March 340Buzz: New challenges emerge
Following a flurry of activity to close out the year and usher in 2023, things on the 340B front have picked up speed once again. Manufacturers are getting bolder, the government is proposing new administrative requirements, and some states are enacting new challenges for covered entities.
In a long-anticipated move, the Biden administration announced that the COVID-19 public health emergency will end on May 11, throwing into question a host of pandemic flexibilities granted to 340B entities, including remote audits and allowing site registrations outside of the typical enrollment windows. And in a surprise move, Eli Lilly announced it will slash the costs of its insulin products and immediately cap monthly out-of-pocket costs for the diabetes drug at $35. That cap mirrors a provision of the Inflation Reduction Act, which applies only to Medicare beneficiaries, and it follows President Biden’s call for a cap in last month’s State of the Union address, suggesting the move was due at least in part to political pressures.
Elsewhere, we may be getting our initial glimpses of life after the adverse ruling in January in the first of three appeals court cases.
Manufacturers growing bolder
In a setback, Johnson & Johnson sent notice Feb. 15 that it will expand its restrictions for 340B hospitals (referred to as non-grantees in their letter) on pricing at contract pharmacies:
- Hospital entities that lack an in-house pharmacy can designate a single contract pharmacy for delivery of 340B drugs. The retail pharmacy must be within 40 miles of the parent site, and the hospital must submit data for that designated location.
- Hospitals that have an in-house pharmacy may designate a single contract pharmacy provided they submit claims data for both locations using 340B ESP and adhere to the 40-mile radius requirement.
- Hospitals can designate a single specialty pharmacy location to order J&J’s four pulmonary arterial hypertension drugs, provided they submit claims data.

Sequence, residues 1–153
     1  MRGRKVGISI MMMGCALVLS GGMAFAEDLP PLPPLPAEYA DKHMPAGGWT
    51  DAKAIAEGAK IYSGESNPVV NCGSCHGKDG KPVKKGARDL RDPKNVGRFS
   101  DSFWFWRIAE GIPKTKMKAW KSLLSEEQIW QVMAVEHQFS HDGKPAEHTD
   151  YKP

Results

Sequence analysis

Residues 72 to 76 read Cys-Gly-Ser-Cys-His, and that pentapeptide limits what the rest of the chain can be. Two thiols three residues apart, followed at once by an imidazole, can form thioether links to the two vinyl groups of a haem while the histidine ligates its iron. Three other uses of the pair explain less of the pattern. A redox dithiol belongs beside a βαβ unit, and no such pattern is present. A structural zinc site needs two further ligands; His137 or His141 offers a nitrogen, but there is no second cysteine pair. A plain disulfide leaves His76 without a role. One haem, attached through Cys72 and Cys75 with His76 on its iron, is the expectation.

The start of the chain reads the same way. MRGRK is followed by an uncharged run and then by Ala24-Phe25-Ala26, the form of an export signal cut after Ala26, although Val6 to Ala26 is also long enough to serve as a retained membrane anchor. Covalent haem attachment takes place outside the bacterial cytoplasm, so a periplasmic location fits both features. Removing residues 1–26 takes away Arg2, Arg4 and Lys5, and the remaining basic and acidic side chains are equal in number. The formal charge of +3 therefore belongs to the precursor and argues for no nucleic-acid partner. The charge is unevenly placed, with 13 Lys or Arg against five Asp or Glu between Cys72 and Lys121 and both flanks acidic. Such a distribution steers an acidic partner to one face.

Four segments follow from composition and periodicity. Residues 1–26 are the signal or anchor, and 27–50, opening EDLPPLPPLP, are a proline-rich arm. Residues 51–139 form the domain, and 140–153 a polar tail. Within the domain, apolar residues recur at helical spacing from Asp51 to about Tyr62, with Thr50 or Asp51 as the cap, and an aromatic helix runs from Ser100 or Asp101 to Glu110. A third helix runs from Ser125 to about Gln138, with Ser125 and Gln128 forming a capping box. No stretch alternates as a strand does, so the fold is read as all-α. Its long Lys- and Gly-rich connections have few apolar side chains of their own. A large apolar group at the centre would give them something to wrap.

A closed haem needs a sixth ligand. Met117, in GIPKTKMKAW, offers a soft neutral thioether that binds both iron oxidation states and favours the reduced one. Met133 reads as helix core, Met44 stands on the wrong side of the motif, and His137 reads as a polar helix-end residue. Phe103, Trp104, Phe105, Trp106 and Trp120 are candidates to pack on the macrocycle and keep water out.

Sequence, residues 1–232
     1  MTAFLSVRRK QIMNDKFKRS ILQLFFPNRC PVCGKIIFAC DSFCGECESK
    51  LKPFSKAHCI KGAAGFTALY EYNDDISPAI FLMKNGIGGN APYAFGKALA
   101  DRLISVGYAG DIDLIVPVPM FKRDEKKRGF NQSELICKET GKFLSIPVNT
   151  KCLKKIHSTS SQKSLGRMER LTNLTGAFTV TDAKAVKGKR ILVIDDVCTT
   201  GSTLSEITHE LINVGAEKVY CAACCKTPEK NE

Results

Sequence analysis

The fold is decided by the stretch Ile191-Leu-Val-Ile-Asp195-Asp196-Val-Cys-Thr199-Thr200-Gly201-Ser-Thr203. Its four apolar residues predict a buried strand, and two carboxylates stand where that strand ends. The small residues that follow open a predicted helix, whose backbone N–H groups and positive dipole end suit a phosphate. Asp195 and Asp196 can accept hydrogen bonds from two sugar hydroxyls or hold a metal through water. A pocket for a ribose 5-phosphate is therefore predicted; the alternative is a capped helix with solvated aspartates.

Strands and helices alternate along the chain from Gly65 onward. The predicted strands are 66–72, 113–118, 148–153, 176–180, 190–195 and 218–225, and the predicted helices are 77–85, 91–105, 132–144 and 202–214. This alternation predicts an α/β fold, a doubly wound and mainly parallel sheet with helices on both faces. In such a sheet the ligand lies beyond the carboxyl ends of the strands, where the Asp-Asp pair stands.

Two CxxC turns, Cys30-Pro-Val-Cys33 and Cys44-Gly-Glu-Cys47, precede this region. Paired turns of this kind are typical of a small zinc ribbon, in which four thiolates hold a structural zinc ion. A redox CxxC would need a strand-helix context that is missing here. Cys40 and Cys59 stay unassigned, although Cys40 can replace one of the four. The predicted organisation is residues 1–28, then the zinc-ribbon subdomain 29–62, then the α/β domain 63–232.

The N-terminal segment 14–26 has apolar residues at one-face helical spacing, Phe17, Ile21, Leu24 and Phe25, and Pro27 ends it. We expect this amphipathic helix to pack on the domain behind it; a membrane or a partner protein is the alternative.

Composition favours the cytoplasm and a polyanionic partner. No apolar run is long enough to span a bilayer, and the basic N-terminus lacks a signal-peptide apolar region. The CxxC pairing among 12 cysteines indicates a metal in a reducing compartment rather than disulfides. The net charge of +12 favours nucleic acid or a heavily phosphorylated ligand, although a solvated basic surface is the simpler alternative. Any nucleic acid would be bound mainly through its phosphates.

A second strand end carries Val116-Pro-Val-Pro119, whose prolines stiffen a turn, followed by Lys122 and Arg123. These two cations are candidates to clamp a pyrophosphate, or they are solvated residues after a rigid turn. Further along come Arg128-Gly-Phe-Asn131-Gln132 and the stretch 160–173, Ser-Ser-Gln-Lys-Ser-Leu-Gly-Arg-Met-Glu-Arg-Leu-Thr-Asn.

The changes, which affect 30 J&J-branded drugs and go into effect March 7, represent a merging of two models — data and limited access — that target hospitals. Under J&J’s previous policy, in effect since May 2, 2022, hospitals were allowed to designate multiple contract pharmacies provided they agreed to share claims data.
It shows how drugmakers are emboldened in the wake of the federal appeals court decision earlier this year siding with three drugmakers in saying that Congress never said manufacturers must ship 340B drugs to an unlimited number of contract pharmacies. J&J’s is the first policy to require data from an in-house pharmacy. It probably won’t be the last.
Regarding the two pending appeals court decisions, the federal appeals court in Chicago, which is hearing Eli Lilly’s appeal, is expected up first. That one may follow the earlier ruling. If there’s any optimism remaining, it’s with the Washington D.C. appellate court, which tends to support HRSA in legal disputes. If that holds true, and the final tally is two courts siding with the manufacturers and one with covered entities, then the case could wind up in the Supreme Court, likely no earlier than May of 2024. If all three courts go against 340B? Then the path to a remedy through the courts is probably kaput. Congress will be the only remaining option.
Part D rebates and ADR
As a reminder, CMS is soliciting comments by March 11 on the best way to identify 340B drugs dispensed to Medicare Part D beneficiaries so they are excluded from rebates under the Inflation Reduction Act. The law requires manufacturers to issue rebates on certain Part B and D drugs when prices rise faster than inflation. (As we all know, this penalty already exists for 340B through the penny-pricing policy.)
CMS in December issued guidance requiring all covered entities to use either the “JG” or “TB” modifiers to identify 340B drugs billed to Part B, effective Jan. 1, 2024. Meanwhile a new whitepaper from IQVIA questions whether claims modifiers can be used successfully for this purpose for retail. It notes that the 340B status must be known at the point of sale to the patient and prior to adjudication, something that does not apply to contract pharmacies that use the 340B replenishment model and virtual inventory.